North London public garden to have new ‘keeper’ enforcing dog-walking rules

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A ‘keeper’ enforcing the laws around dog walking will soon be patrolling an Islington public garden in a bid to tackle rising numbers of poor behaviour. The City of London Corporation voted unanimously to back the new role to ‘promote responsible dog ownership’, with an initial focus on Bunhill Fields Burial Ground.

This comes after a report by the Corporation detailed worsening dog-related issues across the City Garden sites, primarily in Smithfield Rotunda and St Barts the Great as well as Bunhill Fields, “prompting the need to consider more proactive measures”.

According to the report, City gardeners had recorded 191 incidents over the last year alone, consisting of 167 cases of dogs being off their leads, 22 for dog mess, and two for digging holes.

At this morning’s Natural Environment Board meeting (February 19), Jake Tibbetts, City Gardens Manager, clarified the additional powers would be granted to a current gardener, and would not involve the hiring of a new employee.

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Cllr Eamonn Mullally welcomed the recommendation, though pushed on whether more funding should be provided to ensure the position is properly resourced. “I think the funding should perhaps be more than we’ve got,” he said. “I understand there’s constrained budgets elsewhere, but I still think this is really worth it.”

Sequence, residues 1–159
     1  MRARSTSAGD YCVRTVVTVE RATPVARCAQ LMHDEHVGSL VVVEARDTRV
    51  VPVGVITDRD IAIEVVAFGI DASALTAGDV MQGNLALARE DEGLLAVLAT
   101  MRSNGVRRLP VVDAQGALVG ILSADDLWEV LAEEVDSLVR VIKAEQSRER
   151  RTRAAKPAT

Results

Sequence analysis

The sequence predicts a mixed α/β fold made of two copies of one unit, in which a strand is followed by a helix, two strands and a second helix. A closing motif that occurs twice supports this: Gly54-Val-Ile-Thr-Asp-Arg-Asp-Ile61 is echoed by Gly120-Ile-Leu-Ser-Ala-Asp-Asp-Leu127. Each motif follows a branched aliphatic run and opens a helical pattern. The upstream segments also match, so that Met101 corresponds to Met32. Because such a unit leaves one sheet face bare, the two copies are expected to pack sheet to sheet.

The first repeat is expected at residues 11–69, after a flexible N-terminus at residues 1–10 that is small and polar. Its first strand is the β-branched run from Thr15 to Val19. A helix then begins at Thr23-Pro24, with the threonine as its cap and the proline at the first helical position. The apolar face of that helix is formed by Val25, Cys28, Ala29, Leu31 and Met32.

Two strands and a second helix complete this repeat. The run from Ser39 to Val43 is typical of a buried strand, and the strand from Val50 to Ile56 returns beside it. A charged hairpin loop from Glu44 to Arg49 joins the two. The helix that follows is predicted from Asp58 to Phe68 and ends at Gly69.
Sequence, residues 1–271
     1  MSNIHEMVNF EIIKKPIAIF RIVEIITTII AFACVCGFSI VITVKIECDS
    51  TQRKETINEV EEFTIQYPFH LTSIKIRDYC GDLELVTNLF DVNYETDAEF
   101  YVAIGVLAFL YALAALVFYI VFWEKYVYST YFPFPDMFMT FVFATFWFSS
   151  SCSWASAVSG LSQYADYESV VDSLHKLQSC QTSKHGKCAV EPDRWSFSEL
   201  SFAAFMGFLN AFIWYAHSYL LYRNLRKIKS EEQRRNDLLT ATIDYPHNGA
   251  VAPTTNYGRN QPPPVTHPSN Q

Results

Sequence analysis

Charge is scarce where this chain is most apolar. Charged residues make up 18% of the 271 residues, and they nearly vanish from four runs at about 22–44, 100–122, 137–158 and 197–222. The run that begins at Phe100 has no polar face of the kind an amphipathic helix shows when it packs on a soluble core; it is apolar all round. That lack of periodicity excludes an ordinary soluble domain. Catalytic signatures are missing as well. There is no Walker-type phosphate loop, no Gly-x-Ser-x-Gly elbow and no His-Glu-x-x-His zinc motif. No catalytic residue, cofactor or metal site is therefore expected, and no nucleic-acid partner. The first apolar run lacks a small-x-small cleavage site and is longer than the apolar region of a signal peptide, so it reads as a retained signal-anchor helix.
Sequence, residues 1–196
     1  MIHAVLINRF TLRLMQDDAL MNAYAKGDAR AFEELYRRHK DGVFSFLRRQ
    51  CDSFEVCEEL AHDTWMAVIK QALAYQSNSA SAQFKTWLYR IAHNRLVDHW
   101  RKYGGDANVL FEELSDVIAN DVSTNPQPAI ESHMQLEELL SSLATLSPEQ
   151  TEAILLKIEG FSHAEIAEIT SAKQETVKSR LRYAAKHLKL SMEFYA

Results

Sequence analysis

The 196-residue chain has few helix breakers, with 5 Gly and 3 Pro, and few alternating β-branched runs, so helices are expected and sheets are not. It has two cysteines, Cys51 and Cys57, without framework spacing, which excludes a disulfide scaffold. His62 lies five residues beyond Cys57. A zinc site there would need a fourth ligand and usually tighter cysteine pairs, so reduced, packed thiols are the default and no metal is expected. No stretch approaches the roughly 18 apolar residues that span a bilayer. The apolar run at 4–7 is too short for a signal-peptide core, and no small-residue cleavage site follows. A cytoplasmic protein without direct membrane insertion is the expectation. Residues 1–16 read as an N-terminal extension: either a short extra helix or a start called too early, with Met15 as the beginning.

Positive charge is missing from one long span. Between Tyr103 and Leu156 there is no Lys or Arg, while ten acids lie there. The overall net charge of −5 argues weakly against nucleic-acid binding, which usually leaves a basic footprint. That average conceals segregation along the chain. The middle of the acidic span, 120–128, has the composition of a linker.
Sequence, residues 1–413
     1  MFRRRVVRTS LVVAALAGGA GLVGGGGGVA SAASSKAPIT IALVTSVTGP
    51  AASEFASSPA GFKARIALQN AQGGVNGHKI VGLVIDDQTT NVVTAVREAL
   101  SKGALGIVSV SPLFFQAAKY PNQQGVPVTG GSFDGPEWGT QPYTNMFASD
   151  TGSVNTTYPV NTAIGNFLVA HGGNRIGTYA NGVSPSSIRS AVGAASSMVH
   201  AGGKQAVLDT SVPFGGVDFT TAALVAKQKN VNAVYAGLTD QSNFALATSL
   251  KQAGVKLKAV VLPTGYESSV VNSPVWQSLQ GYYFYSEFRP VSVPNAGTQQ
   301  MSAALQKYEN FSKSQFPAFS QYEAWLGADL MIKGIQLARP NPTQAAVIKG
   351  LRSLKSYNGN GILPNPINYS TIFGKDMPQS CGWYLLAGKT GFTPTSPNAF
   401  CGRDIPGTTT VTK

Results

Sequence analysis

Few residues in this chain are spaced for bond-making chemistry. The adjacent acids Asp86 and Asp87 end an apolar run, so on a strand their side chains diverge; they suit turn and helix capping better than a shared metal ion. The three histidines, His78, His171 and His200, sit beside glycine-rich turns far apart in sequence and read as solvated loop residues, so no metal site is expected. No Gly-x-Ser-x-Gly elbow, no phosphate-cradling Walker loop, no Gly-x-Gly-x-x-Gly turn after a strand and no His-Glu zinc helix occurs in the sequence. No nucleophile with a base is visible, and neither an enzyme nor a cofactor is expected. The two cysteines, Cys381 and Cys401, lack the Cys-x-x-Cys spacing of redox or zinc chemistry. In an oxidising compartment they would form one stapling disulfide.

Mr Tibbetts said the role would be monitored on an ongoing basis, and that it is expected the need for enforcement would lessen over time as people become more accustomed to the rules.

“I think in reality what will happen at Bunhill is once we have a keeper in post there will be a period of time when there will be a large focus of that officer’s time on getting on top of this, about building relationships with dog owners, about changing the way that people perceive the fields and how the fields work.”

Deputy Chair of the Board, Cllr Andrew McMurtrie, said he also welcomes ‘the direction of travel’ indicated by the recommendation. However, he warned that, initially at least, this is likely to be a tough front-line role which will require proper enforcement, joking that he hopes ‘they’re trained in self-defence’.

The Corporation’s report detailed the estimated cost of the ‘keeper’ at around £7,500 per year. It also recommended exploring using Public Space Protection Orders (PSPOs), which can be introduced to help manage issues affecting public spaces. Both recommendations were passed unanimously by the board members.

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